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Re: My trend following strategy and experience

Posted: Tue Sep 10, 2019 5:31 pm
by tadamsmar
willthrill81 wrote:
Tue Sep 10, 2019 4:57 pm
That's because the red line in that graph is for a 100% VTSMX portfolio, not a 60/40. When you run a timing model in Portfolio Visualizer, it automatically also includes a line for buy-and-hold of the timed asset(s).
Opps! I missed that.

Re: My trend following strategy and experience

Posted: Tue Sep 10, 2019 5:41 pm
by tadamsmar
willthrill81 wrote:
Mon Sep 09, 2019 9:20 pm
For a more realistic comparison, a 60/40 AA would now have an inflation-adjusted balance of $7,032.
Does that $7,032 include rebalancing or not?

Re: My trend following strategy and experience

Posted: Tue Sep 10, 2019 5:42 pm
by willthrill81
tadamsmar wrote:
Tue Sep 10, 2019 5:41 pm
willthrill81 wrote:
Mon Sep 09, 2019 9:20 pm
For a more realistic comparison, a 60/40 AA would now have an inflation-adjusted balance of $7,032.
Does that $7,032 include rebalancing or not?
Yes, annual rebalancing.

Re: My trend following strategy and experience

Posted: Tue Sep 10, 2019 6:29 pm
by nps
willthrill81 wrote:
Tue Sep 10, 2019 4:56 pm
nps wrote:
Tue Sep 10, 2019 11:23 am
Do you think there is compelling evidence that trend following in retirement could maintain or increase the SWR over BAH? Or just that its minimization of deep drawdowns may be better psychologically?
The academic study I linked to above found that trend following would have significantly boosted the SWR. The historic improvement in risk-adjusted returns of trend following over BAH has not been merely psychological.
Thanks. I think this was the study and the context for the discussion:
willthrill81 wrote:
Mon Sep 09, 2019 9:08 pm
HomerJ wrote:
Mon Sep 09, 2019 9:07 pm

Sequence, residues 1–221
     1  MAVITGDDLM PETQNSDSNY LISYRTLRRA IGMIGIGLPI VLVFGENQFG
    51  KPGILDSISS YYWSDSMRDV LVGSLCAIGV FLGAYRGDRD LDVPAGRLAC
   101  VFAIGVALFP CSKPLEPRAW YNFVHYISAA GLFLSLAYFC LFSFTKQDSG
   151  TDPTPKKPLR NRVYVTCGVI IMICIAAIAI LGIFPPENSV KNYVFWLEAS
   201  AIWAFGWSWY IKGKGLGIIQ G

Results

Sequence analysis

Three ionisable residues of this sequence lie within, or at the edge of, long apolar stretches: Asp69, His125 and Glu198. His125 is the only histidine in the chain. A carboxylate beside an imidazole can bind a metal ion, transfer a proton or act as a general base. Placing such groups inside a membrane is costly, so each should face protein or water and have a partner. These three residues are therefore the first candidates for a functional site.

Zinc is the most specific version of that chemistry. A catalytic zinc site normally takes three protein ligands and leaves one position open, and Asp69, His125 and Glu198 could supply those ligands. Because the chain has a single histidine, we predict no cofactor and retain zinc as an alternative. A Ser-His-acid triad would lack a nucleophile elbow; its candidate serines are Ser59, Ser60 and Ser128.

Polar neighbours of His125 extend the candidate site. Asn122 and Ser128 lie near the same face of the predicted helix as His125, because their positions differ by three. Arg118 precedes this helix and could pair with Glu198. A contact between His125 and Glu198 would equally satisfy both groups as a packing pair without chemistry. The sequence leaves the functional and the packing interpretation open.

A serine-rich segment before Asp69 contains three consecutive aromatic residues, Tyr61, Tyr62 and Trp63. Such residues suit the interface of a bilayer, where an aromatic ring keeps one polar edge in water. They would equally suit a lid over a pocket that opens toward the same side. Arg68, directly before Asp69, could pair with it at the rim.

willthrill81 wrote:
Mon Sep 09, 2019 6:08 pm
But it does seem that trend following in general has been effective in smoothing out returns and avoiding the worst of stocks' drawdowns. For this reason, I believe that trend following might have much more benefit for retirees than accumulators.
No way should a retiree swing from 100% stocks to 0% stocks based on "signals", no matter how well they worked in the past.
Why not? Academic research has found that doing so would have been very useful for retirees.

Also, it is not necessary to go from 100% to 0%. The swing could be from 70% to 30%, for instance.
It looks like that study uses only 10 percent of the portfolio for trend following. Any evidence for the benefit when you "swing from 100% stocks to 0% stocks" as HomerJ puts it (and I understand is your implementation)? Or even slightly more mild like the 70% to 30% suggestion?

Re: My trend following strategy and experience

Posted: Tue Sep 10, 2019 7:50 pm
by willthrill81
nps wrote:
Tue Sep 10, 2019 6:29 pm
It looks like that study uses only 10 percent of the portfolio for trend following. Any evidence for the benefit when you "swing from 100% stocks to 0% stocks" as HomerJ puts it (and I understand is your implementation)? Or even slightly more mild like the 70% to 30% suggestion?
No, they went from 100% to 0%.
Specifically we use the rule of Faber (2007) that if the index is trading above its 10-month moving average then a long position is taken, otherwise a position in cash is held instead.
p. 17

Re: My trend following strategy and experience

Posted: Tue Sep 10, 2019 9:15 pm
by nps
willthrill81 wrote:
Tue Sep 10, 2019 7:50 pm
nps wrote:
Tue Sep 10, 2019 6:29 pm
It looks like that study uses only 10 percent of the portfolio for trend following. Any evidence for the benefit when you "swing from 100% stocks to 0% stocks" as HomerJ puts it (and I understand is your implementation)? Or even slightly more mild like the 70% to 30% suggestion?